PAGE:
A terribly exciting find just figuratively landed in my lap, or rather my mom’s lap and as we are social distancing was transferred to my lap via cell phone photos. For now, I’ll take it!

As she was looking through my dad’s collection of old books, she opened one and found something interesting…

Mom: “Was there an Ella R. Frederick on Daddy’s family tree?”

Me: “Yes! That was Grampy’s (my name for my paternal grandfather) grandma, Ella Frederick (pre-marriage name = Ella Kerr Robertson), so Daddy’s great-grandmother.”

The inscription inside the book is why she asked:


It appears to say:

Mattie* Robertson’s Book

A Gift To Ella R. Frederick

By Mrs. Smith

July 23rd, 1886

*The handwriting makes the word particularly hard to decipher, but I’m going with Mattie, a popular nickname of the time for Martha, or perhaps Matilda or Matthew. I polled Twitter and most agreed with Mattie, though Mattis, Hattie, and Heather were thrown around (not literally – no Heathers were harmed during the making of this post).

1886 would have made Ella, my 2nd great grandmother, 33 years old. I am unsure who Mattie Robertson could be, though a possibility is her father’s sister Martha Robertson who died in 1853. Mrs. Smith is also a mystery as there are no Smiths in this family that I know of yet.

It’s pretty amazing to me how old this book was. Here is the book, Cowper’s Poëtical Works by William Cowper:



William Cowper (1731-1800) was an English-born poet who also wrote hymns. He was religious and adamantly anti-slavery. One of his poems, The Negro’s Complaint, was told from the viewpoint of a slave and was quoted later by civil rights activist Martin Luther King Jr. It’s a gorgeous poem and I especially feel like quoting it now while photos and videos of a reckless white cop kneeling on the neck of black George Floyd, who later died from his injuries, have incited #blacklivesmatter protests, riots, and marches throughout the country.

William Cowper was pretty on brand for this side of the family. Everyone has villains lurking in their family trees, but I have yet to find a slave owner in mine and for that my soul breaths a sigh of relief.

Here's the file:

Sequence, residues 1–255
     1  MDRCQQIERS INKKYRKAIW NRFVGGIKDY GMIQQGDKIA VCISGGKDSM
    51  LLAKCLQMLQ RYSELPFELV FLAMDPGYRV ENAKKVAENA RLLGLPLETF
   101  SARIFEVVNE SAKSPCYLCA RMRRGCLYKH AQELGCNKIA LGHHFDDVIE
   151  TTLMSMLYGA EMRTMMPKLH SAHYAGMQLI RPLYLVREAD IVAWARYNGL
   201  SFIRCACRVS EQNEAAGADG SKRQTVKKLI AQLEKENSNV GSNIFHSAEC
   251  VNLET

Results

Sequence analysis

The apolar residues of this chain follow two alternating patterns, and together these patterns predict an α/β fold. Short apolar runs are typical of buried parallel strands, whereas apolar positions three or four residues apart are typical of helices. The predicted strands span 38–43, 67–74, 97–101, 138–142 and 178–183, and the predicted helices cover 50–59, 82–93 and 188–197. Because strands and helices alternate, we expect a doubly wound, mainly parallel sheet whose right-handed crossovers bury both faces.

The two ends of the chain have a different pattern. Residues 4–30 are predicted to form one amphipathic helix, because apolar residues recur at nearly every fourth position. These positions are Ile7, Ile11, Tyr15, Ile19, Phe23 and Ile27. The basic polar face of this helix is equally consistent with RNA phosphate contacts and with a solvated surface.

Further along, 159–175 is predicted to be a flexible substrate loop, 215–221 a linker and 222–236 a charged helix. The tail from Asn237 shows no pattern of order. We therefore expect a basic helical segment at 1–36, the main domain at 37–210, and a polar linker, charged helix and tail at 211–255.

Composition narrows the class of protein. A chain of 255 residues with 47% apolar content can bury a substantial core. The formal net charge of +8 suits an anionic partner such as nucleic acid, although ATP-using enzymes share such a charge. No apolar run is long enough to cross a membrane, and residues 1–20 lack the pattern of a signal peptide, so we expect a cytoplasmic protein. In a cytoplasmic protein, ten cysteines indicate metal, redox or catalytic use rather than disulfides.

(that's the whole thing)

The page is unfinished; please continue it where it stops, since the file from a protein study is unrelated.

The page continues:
Also inside the book were these treasures:

I am uncertain what the “Republican Mass Meeting * Sergeant at Arms” ribbon refers to, but the Society of the Army of the Tennessee was a Union army in the (American) Civil War, named after the Tennessee River. This ribbon states it was from their 23rd reunion, held in Chicago on October 7 and 8, 1891. Listed in the summary of the reunion was a Major W.S. Robertson, but I can’t find anyone in my tree who matches these initials, if he was even the one who attended. Much of the ceremony seemed to have been dedicated to the memory of General William Tecumseh Sherman, one of the generals in command of this particular army, and, of course, Taps were played.

I will leave you with the first, fourth, and fifth stanzas of Cowper’s The Negro’s Complaint because they are extraordinary and especially poignant right now:

Forc’d from home, and all its pleasures,
Afric’s coast I left forlorn;
To increase a stranger’s treasures,
O’er the raging billows borne.
Men from England bought and sold me,
Paid my price in paltry gold;
But, though theirs they have enroll’d me,
Minds are never to be sold.

Is there, as ye sometimes tell us,
Is there one who reigns on high?
Has he bid you buy and sell us,
Speaking from his throne the sky?
Ask him, if your knotted scourges,
Matches, blood-extorting screws,
Are the means that duty urges
Agents of his will to use?

Hark! He answers!—Wild tornadoes,
Strewing yonder sea with wrecks;
Wasting towns, plantations, meadows,
Are the voice with which he speaks.
He, foreseeing what vexations
Afric’s sons should undergo,
Fix’d their tyrants’ habitations
Where his whirlwinds answer—No